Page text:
Sruthi Ganapathy Raman
Rajinikanth’s Tiger Muthuvel Pandian sits across his wife (Ramya Krishnan) and daughter-in-law — both of whom are jolted from their sleep as hoodlums sneak into their house — flaunting his greys and smiles at the dinner table.
Nelson, takes Rajinikanth’s legacy, and squeezes it to make a realistic life-sized version. This is apparent in the smallest of details that register his age in every form.
One of the wittiest things about Jailer is the irreverence with which it treats the star film action template. Rajnikanth so powerful (and also let’s face it, he is an aging macho man) most of the heavy lifting is done for him.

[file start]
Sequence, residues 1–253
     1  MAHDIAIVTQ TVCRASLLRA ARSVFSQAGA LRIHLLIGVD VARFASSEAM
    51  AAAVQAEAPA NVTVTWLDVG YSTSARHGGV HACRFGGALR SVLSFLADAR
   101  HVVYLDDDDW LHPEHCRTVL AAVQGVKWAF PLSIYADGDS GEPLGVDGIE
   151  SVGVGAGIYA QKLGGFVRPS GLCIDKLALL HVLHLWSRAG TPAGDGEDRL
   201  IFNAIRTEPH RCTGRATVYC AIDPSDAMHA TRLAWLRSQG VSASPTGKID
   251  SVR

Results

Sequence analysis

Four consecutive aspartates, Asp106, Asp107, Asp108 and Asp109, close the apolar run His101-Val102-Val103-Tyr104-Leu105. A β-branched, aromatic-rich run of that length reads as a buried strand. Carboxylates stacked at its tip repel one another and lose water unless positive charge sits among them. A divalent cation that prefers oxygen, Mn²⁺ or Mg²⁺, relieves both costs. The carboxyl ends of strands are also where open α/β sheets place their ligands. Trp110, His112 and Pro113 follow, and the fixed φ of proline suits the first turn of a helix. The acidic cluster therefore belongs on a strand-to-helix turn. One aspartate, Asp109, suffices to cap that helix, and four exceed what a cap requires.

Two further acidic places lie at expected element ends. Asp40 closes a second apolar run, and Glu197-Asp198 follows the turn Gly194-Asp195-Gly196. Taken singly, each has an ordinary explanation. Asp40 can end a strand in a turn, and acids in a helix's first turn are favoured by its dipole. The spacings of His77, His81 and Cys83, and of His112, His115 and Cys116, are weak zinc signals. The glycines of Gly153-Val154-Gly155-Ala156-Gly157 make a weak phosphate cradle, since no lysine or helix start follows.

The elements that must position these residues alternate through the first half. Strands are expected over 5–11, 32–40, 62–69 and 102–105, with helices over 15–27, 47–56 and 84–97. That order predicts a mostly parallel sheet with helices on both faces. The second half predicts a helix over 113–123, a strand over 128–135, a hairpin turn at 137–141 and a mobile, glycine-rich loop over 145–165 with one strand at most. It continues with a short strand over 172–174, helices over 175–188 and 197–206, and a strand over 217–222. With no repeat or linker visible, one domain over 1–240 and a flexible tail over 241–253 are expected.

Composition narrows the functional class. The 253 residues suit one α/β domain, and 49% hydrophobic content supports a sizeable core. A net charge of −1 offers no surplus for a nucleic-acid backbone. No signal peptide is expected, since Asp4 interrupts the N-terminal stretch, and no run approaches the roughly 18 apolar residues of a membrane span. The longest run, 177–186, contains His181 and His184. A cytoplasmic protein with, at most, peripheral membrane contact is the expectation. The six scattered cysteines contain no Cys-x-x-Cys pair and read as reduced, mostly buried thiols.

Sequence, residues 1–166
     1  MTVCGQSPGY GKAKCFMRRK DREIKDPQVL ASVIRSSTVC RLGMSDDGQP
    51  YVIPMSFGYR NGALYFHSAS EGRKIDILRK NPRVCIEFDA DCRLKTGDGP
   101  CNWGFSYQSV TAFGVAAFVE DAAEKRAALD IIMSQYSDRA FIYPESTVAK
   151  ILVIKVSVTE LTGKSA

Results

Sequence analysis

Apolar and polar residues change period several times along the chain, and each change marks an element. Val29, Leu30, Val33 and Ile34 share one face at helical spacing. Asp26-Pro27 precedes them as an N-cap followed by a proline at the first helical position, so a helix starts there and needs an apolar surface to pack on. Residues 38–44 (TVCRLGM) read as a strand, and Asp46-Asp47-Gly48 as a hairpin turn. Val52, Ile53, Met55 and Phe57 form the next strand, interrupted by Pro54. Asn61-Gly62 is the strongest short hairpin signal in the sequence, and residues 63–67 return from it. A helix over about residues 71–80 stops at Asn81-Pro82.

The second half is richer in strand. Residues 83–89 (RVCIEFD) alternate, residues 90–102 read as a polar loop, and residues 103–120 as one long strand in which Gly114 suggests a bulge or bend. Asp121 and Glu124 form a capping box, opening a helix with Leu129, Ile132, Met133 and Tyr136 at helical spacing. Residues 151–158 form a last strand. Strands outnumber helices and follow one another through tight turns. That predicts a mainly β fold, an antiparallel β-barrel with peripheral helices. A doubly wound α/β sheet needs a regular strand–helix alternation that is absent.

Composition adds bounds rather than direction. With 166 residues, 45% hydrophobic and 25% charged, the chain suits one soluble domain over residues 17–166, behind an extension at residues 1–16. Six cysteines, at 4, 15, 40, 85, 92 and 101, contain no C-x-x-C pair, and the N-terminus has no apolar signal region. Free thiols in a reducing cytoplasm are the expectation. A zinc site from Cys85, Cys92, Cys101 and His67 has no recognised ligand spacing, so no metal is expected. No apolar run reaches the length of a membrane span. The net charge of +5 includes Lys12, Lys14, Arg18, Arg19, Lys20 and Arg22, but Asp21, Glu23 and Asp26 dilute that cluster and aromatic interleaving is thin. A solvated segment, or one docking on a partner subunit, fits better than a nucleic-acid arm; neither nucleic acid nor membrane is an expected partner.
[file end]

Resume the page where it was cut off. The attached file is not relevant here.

It’s Especially Underwhelming to See The Formidable Ramya Krishnan being reduced to a clueless wife clutching tufts of tissues to wipe the blood off her face and just witness the chaos. It is in the writing of truly warped people and situations that Nelson’s craft becomes visible.
The most exciting part about Jailer is its exploration of how far Muthuvel will go to preserve his sense of justice. We wish this wistful side of Rajinikanth — that comes quite late and fleetingly— could’ve been explored with some more time.